Like boys, girls in OL neighbourhoods who were granted low CIM also spent more of the after-school period sedentary and less of this time accumulating light intensity activity (% time spent sedentary: mean difference = 3.2%, 95% CI, 0.78 to 5.7; % time in light activity: mean difference = 2.4%, 95% CI, 0.37 to 4.5). Furthermore, girls in suburban, low SES neighbourhoods whose CIM was restricted spent less of the after-school period accumulating MVPA than girls who were granted more independent licence in these neighbourhoods (mean difference = 1.3%, 95% CI, 0.10 to 2.4) (Table 3).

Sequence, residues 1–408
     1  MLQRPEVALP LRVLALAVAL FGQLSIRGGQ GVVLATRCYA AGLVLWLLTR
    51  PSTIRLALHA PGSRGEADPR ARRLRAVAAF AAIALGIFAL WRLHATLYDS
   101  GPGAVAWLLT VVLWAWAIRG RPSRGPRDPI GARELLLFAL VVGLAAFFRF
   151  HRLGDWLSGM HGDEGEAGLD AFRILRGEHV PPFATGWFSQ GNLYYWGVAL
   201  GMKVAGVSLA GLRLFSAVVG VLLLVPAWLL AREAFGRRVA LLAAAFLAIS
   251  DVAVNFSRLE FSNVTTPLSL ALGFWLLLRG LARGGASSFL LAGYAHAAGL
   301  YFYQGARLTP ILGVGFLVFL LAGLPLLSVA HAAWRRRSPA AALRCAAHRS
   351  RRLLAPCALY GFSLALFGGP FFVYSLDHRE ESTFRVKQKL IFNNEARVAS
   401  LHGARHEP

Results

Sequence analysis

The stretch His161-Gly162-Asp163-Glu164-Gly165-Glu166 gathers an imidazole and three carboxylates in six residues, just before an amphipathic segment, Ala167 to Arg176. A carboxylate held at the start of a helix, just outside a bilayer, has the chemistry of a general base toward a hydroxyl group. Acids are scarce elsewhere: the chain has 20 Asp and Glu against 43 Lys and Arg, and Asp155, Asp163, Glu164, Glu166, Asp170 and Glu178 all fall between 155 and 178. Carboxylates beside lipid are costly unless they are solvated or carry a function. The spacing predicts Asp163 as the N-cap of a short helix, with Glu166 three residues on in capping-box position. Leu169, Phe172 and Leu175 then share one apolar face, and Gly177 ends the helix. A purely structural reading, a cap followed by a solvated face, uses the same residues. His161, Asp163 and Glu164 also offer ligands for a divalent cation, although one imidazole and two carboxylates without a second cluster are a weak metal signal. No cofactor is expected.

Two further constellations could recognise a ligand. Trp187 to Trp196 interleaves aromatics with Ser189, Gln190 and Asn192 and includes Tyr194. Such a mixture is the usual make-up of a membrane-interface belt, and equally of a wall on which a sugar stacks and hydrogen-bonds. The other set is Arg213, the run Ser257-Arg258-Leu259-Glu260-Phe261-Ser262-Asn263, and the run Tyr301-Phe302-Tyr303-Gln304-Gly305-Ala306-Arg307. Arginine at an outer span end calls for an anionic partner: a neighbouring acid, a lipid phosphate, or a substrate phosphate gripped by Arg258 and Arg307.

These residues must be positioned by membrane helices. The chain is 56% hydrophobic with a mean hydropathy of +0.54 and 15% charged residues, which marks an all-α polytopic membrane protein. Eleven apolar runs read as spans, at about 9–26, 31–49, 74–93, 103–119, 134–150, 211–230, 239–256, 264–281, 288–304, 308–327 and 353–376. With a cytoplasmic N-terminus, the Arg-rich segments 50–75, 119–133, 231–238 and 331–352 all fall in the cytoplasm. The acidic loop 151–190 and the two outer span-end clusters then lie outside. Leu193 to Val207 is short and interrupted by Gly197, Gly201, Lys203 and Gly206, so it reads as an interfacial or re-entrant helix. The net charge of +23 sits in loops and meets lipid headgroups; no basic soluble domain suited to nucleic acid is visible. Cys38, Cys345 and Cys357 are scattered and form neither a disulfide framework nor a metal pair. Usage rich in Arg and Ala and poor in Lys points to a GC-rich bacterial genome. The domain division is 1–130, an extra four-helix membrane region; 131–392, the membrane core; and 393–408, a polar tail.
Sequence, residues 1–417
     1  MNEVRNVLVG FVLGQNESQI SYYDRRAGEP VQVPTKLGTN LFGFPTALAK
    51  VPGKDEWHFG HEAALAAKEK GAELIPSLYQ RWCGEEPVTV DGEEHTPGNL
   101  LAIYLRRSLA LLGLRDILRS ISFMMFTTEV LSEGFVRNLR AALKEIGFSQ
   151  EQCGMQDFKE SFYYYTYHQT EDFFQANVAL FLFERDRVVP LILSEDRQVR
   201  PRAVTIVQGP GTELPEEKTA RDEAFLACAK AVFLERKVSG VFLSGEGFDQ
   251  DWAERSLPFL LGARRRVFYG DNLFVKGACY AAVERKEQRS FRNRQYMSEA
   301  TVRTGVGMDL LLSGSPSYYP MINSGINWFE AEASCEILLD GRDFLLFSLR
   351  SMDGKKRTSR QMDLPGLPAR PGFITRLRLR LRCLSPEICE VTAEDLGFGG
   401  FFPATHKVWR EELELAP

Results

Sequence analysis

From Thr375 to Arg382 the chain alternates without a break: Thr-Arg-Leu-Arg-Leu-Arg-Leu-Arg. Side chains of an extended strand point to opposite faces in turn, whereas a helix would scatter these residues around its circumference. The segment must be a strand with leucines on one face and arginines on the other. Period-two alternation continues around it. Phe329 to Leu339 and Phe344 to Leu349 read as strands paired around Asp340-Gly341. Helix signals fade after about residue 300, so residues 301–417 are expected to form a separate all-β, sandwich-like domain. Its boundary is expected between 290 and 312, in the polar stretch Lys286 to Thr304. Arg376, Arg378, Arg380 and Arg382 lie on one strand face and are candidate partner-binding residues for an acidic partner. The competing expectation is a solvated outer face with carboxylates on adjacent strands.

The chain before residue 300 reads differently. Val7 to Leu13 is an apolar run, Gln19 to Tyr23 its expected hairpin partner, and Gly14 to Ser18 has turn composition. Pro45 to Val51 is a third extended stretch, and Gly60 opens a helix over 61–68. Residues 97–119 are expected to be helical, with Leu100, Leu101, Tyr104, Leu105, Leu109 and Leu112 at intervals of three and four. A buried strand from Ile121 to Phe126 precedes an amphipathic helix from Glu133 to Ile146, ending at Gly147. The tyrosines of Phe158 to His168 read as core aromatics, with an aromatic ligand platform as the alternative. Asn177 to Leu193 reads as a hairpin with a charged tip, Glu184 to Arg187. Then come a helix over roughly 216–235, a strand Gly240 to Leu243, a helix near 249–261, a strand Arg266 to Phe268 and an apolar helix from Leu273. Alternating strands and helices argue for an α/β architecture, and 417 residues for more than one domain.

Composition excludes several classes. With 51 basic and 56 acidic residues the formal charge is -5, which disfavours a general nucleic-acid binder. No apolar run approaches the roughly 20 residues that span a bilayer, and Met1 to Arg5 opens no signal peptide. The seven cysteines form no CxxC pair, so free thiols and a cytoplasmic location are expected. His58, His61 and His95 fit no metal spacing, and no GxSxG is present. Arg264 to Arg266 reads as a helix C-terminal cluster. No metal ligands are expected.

This study investigated whether characteristics of accelerometry-measured physical activity behaviour across the school week and over the weekend vary according to the amount of independent mobility a child is granted, and, whether the type of neighbourhood in which a child resides in (urban vs. inner-suburban, low vs. high SES) is associated with any observed relationships. We found that over half (61%) of children were offered some sort of independent mobility (i.e., were sometimes, often or always allowed out without adult accompaniment); the likelihood of being granted some independent mobility, however, differed according to the child’s gender and age. Nearly 70% of boys were offered this independent licence, compared to just over half (54%) of girls. Age appeared to be a moderating factor, but only in boys, with older (and in fact taller) boys being granted more independent mobility than younger, shorter boys. These differences in age and height were however relatively small (likely a result of the narrow age range of the sample (10 to 12 years)) and of not enough practical significance to justify controlling for in further analyses. Nevertheless, our findings support previous studies suggesting that age is associated with CIM  and also that gender is a strong correlate, with boys experiencing more independent mobility than girls [39–49].